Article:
The paintings in service present glimpses of women at work in the first or last light of the day, when the glowing lights of interior spaces animate the activity within. Taking a documentary approach, Caroline Walker made a series of walks around London, observing and photographing fellow Londoners, both she and they absorbed in their work. Restaurant kitchens, salons, shops, offices and workshops all feature in this series of paintings which reflect on those isolated fleeting moments that form fragments in the dislocated lives of a city.

Some of these scenes play to conventional ideas about the employment engaged in by women, particularly in the female-dominated environments of the beauty industry and retail. Other paintings look at women entering spaces thought of as traditionally more male-dominated, such as the restaurants kitchens or the tailor’s workshop, where we see women entirely absorbed in their task in an environment designed to facilitate that activity. Walker provides a glimpse into both these private spaces of production and the highly designed interiors of shops, all made visible by means of the architecture of voyeurism via glass doors, railings, and other obstacles through which to observe scenes that are visually, but not physically, accessible.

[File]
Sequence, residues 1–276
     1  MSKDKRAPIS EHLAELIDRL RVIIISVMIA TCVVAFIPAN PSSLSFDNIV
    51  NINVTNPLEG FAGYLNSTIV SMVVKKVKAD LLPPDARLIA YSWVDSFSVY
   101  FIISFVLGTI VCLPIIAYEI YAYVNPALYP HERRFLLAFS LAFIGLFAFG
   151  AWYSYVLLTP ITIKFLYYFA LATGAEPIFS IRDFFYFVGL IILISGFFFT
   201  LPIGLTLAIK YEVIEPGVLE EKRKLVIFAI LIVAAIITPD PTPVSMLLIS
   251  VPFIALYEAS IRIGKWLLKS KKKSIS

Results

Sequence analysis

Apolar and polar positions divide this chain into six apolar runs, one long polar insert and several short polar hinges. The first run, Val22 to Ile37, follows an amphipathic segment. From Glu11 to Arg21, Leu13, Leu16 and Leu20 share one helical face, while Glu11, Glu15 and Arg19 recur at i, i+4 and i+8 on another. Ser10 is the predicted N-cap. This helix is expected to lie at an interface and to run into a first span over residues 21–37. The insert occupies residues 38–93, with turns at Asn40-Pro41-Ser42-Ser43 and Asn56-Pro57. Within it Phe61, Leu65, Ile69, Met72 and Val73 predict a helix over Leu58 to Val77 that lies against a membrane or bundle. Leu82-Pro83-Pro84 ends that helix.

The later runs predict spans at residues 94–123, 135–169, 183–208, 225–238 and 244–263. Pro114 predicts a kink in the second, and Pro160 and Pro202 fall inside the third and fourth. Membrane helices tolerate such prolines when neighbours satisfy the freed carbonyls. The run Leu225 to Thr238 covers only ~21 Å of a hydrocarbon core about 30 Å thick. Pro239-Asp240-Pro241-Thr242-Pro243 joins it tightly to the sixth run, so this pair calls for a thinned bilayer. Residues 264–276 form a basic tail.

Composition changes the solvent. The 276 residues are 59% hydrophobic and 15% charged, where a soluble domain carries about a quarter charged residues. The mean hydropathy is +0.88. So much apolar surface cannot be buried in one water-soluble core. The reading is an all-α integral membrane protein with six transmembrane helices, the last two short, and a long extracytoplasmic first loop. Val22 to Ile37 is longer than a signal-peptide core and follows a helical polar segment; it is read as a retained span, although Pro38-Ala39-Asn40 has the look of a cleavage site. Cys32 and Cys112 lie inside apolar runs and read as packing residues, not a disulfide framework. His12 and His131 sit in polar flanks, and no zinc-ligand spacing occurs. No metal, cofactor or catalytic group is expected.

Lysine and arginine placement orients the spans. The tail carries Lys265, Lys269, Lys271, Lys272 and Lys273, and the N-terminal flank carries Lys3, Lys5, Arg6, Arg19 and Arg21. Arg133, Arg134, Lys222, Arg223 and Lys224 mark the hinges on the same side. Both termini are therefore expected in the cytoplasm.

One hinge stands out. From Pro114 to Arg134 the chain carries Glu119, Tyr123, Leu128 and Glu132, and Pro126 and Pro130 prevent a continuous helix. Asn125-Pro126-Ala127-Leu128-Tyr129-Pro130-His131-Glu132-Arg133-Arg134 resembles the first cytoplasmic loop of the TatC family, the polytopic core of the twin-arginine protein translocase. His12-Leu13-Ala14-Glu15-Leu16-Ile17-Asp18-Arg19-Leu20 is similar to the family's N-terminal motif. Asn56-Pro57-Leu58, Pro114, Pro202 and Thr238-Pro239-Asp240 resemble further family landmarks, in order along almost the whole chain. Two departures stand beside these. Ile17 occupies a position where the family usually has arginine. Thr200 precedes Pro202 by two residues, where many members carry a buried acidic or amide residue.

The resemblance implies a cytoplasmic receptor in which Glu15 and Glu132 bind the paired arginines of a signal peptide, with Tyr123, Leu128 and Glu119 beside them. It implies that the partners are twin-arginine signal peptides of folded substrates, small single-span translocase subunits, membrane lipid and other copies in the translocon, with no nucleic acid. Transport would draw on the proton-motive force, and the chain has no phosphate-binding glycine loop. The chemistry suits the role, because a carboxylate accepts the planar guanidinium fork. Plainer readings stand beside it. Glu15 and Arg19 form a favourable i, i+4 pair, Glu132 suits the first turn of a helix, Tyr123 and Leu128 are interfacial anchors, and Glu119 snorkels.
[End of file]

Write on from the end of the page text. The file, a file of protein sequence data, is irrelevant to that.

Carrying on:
In Lauren Elkin’s essay for Walker’s upcoming monograph, she poses questions about the subjects of these paintings: “Who are these women? Where do they live? How do they define themselves with relation to their work?” Such questions are the very essence of what Walker touches upon in her work and leaves open-ended. Social class, value of work, and the relationship of the individual to the commercialized public space of the city are exposed in service. We encounter women in a variety of professions in Walker’s paintings, but to what extent does their work define who they are?

One could interpret service through the undercurrent of social critique at play in these works, however we could also adhere to the title as a non-judgmental observation by the artist. service explores female figures in interior spaces, momentarily giving us a glimpse into the lives of others that share the space of the city. Jean-Paul Sartre’s saying “existence precedes essence” comes to mind as Walker underlines that there is beauty to be found in the intermittent fragments of stillness, encountered in lost moments of our daily existence.